What a tremendous message these events communicated: That high school students could and can, in fact, have a great impact on the history of their communities.
Today, I'm afraid to say, thanks to the super-saturation of pop culture, our high schoolers are more likely to know exactly the whereabouts of Justin Bieber or be retweeting the most recent emanations of Kim Kardashian than understand how our present governor is like an absentee landlord, or how their lawmakers have sold their votes to out-of-state ideologues, or what further actions are being taken in Columbia to limit our civic freedoms.
In short, I wish we had more students like Alvin Latten, David Richardson, Verna McNeil, Minerva Brown King and Fred Smalls.
Minerva Brown King sat silent as a waitress poured ammonia on the lunch counter in an attempt to force her to leave.
King, then a junior at Burke High School, didn’t move, and neither did any of the other 23 students who staged the first downtown sit-in of a segregated five-and-dime store, S.H. Kress.
“It was one of the catalysts for the change that eventually led to desegregated public accommodations,” said King, now a media specialist at St. John’s High School on Johns Island.
Today marks the anniversary of that April 1, 1960, sit-in at the King Street building that now houses upscale household goods retailer Williams-Sonoma.
The event was significant because it showed that youths were politically active at an earlier age than some previously thought, said Jon Hale, an assistant professor of education at the College of Charleston who studies the history of education. It also showed that protests among high school students played an integral although overlooked role in the overall Civil Rights movement, Hale said.
The April 1 sit-in served as the precursor to a broader Civil Rights movement in the community.
“They taught the lesson of, ‘We can do this, and we’re not too young,’” Hale said. “It set an example for others to follow. It was more of an ideological victory.”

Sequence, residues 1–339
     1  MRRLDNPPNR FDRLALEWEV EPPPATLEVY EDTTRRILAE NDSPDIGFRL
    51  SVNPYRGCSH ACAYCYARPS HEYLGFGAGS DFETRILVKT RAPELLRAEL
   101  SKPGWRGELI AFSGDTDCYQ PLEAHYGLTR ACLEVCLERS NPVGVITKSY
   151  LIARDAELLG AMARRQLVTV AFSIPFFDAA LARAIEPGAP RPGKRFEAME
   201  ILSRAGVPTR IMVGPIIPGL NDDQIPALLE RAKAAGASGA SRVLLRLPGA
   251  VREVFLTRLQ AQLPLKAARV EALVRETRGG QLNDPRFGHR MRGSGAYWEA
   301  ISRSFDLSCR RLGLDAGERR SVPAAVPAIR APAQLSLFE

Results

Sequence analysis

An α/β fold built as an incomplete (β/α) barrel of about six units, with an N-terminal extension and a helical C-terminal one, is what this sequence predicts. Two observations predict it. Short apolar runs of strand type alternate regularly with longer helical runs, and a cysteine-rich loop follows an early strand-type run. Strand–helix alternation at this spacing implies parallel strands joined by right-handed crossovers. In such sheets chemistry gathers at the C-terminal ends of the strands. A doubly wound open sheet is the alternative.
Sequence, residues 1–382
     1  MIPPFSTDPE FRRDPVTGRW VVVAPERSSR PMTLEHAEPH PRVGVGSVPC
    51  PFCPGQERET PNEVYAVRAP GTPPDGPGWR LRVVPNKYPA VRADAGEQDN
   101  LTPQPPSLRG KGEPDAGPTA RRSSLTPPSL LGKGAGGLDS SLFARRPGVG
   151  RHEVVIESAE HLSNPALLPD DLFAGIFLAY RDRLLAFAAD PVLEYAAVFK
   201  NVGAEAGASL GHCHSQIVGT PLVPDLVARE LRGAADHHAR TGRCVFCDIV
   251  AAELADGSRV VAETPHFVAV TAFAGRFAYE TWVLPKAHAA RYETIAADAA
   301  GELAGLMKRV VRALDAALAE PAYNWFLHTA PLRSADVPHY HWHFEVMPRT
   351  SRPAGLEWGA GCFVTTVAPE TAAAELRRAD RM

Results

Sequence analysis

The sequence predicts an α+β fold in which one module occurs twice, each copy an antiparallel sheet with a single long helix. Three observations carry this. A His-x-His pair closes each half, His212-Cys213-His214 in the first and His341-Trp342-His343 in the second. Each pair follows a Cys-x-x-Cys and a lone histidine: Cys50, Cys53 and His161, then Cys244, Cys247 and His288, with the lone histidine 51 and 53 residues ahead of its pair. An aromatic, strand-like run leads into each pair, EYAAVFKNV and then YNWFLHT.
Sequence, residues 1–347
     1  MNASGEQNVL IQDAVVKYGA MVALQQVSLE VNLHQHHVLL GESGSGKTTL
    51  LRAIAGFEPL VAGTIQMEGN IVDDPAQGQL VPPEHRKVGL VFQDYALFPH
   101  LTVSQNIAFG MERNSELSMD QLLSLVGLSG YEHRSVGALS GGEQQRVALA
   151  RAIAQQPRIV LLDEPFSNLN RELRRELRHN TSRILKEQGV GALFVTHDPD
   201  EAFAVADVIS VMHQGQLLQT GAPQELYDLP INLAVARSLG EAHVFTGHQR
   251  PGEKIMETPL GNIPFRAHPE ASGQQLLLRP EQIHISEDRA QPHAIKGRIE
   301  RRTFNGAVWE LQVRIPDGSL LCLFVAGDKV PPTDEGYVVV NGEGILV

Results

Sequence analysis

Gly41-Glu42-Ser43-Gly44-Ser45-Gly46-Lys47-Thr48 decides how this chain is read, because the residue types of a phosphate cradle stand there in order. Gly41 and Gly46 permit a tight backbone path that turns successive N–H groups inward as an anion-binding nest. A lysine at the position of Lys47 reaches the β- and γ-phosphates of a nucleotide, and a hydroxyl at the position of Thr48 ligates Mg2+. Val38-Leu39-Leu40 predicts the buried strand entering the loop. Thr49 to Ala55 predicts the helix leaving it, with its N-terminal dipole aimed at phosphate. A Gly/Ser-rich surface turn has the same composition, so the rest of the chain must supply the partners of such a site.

Some of the Burke High School students involved continued the fight for equal rights. Harvey Gantt, for example, went on to become the first to integrate Clemson University, in the winter of 1963.
Another student involved was Cecelia Gordon Rogers, then a senior at Burke. She has lived most of her life in Charleston, and she has been one of the primary forces behind Charleston Development Academy, a small charter school that mostly serves students in the surrounding housing project. Rogers is the school’s principal.
The April 1 sit-in and other experiences during the Civil Rights movement helped shaped her to become the kind of person who can’t sit idle on the sidelines, she said.
“There was a sense of hopefulness that we would end up with a better community, a more cohesive community,” Rogers said. “I just wanted to be a part of making things different.”
King was the daughter of J. Arthur Brown, then the Charleston NAACP president, and the sit-in was the first time she participated in an organized event without her family’s knowledge.
She and other members of the youth Charleston NAACP met for weeks to prepare, role-playing scenarios and learning how to react to physical abuse and verbal threats.
Students picked April 1 because they wouldn’t have school. It also happened to be exactly two months after four college students staged the historically significant sit-in at the Woolworth’s store in Greensboro, N.C.
On April 1, 1960, Burke High students dressed in their Sunday best. King wore a garnet two-piece wool suit. They originally set out for Woolworth’s, but word of their effort had leaked and they weren’t able to sit at the counter, King said.
Their back-up plan was Kress, and the store’s workers had no idea they were coming. Students took up more than half of the lunch-counter seats, and managers took the tops off the remaining seats so no one else could join them.
Students tried to order but were refused service. They were told to leave but they refused. They were threatened with arrest but they didn’t budge.
They didn’t talk, other than to say the Lord’s Prayer or recite Psalm 23, “The Lord is my shepherd, I shall not want.” They stayed for more than 5½ hours before police arrested them.
“There was never fear,” King said. “I guess you can call it apprehension, because you just never know how people are going to react, but I don’t remember ever being afraid. I think I felt excitement that we were becoming a part of the movement that would become national. It was positive, and it felt good that we as young people were taking the initiative to do this.”
It was a time that King and Rogers remember vividly and still talk about today.
“It really was for a cause,” Rogers said.